Business relationships often lead to the exchange of sensitive information or access to highly confidential matter. When faced with this situation, is it enough to merely tell your business partner that something is confidential? Absolutely not.
Businesses should always protect their confidential information using a Non-Disclosure Agreement (NDA). NDAs are commonly used when businesses are contemplating or negotiating some sort of contractual relationship or deal. The NDA allows one party to share confidential and trade secret information with another and places restrictions on how the other party can use that information and obligates the other party keep such information confidential.
Under both the Federal Defend Trade Secrets Act and Florida’s Uniform Trade Secrets Act, trade secret owners must make reasonable efforts to maintain the secrecy of their confidential information. Using an NDA when disclosing confidential information demonstrates making reasonable efforts to protect that information.
However, some businesses do not have a standard form NDAs they can readily use. Also, many other businesses develop a general and broad NDA that they use over and over in all situations. Because it is good practice to have an NDA ready for situations where disclosure of confidential information is required, business should keep in mind the following issues to ensure they are adequately protected.
No Expiration Dates
So long as they are kept secret, trade secrets do not expire. Likewise, the confidentiality obligations in an NDA should have no expiration date. If an NDA provides that a party must keep information confidential only for some period of time, when that time expires, so does the secrecy of the information. Thus, businesses should avoid using NDAs that have only a finite period of confidentiality.
It is not enough that an NDA merely recite that a party may disclose confidential or trade secret information to the other. The type and nature of that information must be described in some fashion. The description does not have to be so thorough as to give away the trade secret at issue, but should at least generally describe the types of information disclosed. At the simplest this means describing at least the general categories of information that will be disclosed:
- financial information
- accounts receivables
- vendor lists
- customer lists
The more descriptive a disclosing party can be, the less likely the other party can claim that something was disclosed and they were unaware it was a trade secret subject to the NDA.
Often, the first thing a business will do after it learns someone has possession of its trade secrets and is using those trade secrets in its business is to seek injunctive relief — an order from a court mandating the other party stop use of the trade secrets. To help ensure such relief is available, when drafting or revising an NDA there should be language where the party receiving confidential information expressly acknowledges and agrees to that injunctive relief. Not only will this make things easier if a lawsuit must be filed, but it will also operate as a deterrent against use of confidential information because the other party will want to avoid being subject to injunctive relief.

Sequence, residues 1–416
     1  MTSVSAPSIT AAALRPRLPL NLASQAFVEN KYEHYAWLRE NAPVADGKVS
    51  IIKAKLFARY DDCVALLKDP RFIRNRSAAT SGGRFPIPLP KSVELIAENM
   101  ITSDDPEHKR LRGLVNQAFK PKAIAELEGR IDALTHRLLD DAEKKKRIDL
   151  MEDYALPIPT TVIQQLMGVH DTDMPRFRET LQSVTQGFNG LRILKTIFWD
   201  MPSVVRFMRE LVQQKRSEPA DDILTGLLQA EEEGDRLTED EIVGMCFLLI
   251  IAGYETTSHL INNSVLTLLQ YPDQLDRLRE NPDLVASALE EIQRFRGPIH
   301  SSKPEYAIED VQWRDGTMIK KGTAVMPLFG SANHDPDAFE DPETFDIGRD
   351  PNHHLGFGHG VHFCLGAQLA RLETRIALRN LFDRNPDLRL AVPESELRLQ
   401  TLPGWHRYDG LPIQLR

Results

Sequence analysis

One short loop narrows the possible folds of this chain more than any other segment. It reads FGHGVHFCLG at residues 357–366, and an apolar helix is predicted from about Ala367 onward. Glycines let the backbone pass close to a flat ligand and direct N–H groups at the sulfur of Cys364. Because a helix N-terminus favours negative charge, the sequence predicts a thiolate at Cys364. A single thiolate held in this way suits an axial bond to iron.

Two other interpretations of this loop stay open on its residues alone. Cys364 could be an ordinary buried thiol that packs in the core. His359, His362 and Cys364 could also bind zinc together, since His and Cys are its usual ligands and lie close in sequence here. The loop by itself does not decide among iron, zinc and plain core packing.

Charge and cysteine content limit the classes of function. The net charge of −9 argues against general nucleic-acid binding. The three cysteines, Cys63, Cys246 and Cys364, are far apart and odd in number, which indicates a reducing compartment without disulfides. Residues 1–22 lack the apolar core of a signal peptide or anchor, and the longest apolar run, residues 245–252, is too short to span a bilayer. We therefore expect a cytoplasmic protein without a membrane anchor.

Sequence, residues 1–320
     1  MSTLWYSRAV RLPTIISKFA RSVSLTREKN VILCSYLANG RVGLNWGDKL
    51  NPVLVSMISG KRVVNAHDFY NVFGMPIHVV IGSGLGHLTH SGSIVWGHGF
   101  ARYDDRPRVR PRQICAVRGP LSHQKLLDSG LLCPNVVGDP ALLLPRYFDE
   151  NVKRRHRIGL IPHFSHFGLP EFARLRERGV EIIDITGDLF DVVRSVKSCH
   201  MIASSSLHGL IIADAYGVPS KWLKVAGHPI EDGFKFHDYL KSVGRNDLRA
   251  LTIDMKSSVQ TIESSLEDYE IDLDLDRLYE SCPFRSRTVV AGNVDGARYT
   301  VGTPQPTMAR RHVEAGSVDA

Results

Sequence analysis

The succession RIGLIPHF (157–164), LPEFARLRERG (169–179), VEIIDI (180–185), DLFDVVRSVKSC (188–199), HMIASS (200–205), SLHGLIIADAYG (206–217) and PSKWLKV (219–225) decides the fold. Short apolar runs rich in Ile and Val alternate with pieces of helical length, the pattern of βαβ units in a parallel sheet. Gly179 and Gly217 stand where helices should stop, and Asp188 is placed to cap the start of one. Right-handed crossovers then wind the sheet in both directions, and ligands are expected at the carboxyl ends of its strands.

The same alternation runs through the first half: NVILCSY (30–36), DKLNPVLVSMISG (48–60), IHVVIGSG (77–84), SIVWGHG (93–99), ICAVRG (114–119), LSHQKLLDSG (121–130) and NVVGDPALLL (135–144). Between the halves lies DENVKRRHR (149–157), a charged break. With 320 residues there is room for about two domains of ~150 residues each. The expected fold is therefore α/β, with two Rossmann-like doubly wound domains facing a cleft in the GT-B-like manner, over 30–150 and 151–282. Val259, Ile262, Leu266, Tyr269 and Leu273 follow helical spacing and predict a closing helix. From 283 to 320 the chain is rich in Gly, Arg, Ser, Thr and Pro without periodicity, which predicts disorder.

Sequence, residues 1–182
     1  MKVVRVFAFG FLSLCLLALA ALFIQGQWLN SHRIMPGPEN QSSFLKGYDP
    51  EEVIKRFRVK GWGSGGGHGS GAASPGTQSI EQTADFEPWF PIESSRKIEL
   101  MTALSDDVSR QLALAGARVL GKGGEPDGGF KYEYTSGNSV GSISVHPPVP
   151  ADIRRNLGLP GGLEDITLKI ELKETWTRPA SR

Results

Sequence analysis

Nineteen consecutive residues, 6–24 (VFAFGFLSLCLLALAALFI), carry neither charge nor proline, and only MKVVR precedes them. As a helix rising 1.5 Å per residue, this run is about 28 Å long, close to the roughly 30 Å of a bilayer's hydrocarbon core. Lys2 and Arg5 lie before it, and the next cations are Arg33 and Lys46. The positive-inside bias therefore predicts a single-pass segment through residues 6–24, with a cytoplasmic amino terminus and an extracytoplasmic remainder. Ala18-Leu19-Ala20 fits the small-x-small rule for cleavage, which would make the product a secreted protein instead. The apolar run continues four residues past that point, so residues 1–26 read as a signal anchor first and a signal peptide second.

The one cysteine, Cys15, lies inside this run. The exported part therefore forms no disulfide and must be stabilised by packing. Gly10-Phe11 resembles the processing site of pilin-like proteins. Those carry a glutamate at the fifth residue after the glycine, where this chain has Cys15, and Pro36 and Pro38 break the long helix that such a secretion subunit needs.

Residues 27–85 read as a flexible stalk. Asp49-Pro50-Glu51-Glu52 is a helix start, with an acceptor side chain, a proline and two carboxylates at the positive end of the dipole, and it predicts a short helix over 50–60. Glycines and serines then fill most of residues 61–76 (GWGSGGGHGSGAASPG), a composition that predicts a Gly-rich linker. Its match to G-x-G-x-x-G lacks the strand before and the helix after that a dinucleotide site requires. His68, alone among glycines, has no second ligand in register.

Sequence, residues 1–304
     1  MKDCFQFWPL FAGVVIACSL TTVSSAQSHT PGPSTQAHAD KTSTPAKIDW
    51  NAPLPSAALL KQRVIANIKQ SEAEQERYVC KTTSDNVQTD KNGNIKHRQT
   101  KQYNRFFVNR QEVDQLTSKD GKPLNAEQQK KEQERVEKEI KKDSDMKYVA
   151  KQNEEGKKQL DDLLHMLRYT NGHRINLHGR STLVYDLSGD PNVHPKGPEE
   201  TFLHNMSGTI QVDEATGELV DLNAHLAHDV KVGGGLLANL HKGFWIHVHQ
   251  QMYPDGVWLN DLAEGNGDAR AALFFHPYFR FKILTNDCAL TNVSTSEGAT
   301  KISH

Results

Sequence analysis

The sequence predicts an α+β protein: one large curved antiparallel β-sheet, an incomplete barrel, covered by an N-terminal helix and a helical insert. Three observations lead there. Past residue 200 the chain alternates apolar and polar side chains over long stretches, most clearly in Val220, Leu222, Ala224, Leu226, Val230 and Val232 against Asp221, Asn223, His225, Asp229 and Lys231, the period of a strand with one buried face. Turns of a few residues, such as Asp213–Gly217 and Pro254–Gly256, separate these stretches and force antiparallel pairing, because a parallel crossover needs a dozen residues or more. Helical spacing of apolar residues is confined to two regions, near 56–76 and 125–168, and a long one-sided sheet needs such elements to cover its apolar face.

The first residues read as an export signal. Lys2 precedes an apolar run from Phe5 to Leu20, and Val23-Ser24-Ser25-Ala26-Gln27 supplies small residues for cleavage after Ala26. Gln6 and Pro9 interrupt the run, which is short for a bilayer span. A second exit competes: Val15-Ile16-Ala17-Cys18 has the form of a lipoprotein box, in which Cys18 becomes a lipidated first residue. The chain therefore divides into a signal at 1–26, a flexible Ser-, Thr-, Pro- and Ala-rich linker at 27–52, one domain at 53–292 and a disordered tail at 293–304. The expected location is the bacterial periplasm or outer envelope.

Simply presenting an NDA to another part is not sufficient to protect any confidential information. The other party must acknowledge the NDA and sign it. Without signatures, if a lawsuit to enforce confidentiality obligations becomes necessary, it will be difficult to protect the trade secrets and confidential information at issue. While using an NDA in the first instance is a reasonable measure to protect secrecy of information, failing to have the other party acknowledge and sign the NDA may not be considered reasonable. Do not risk giving up confidential information because of a failure to have the NDA countersigned.
When businesses recycle old NDAs for new purposes, sometimes they fail to update all relevant terms of the NDA. Sometimes this includes provisions calling for where lawsuits regarding the NDA must be filed. When initially drafting an NDA or revising a previously used one, always look at provisions addressing where claims can be brought and make sure the place is local.
While many other terms are also relevant and the nature of any information that will be disclosed will dictate other terms, the above items are some of the more important items to keep in mind when creating or revising an NDA.
If your organization needs assistance developing an NDA, I may be reached at email@example.com or by phone at 239-344-1153.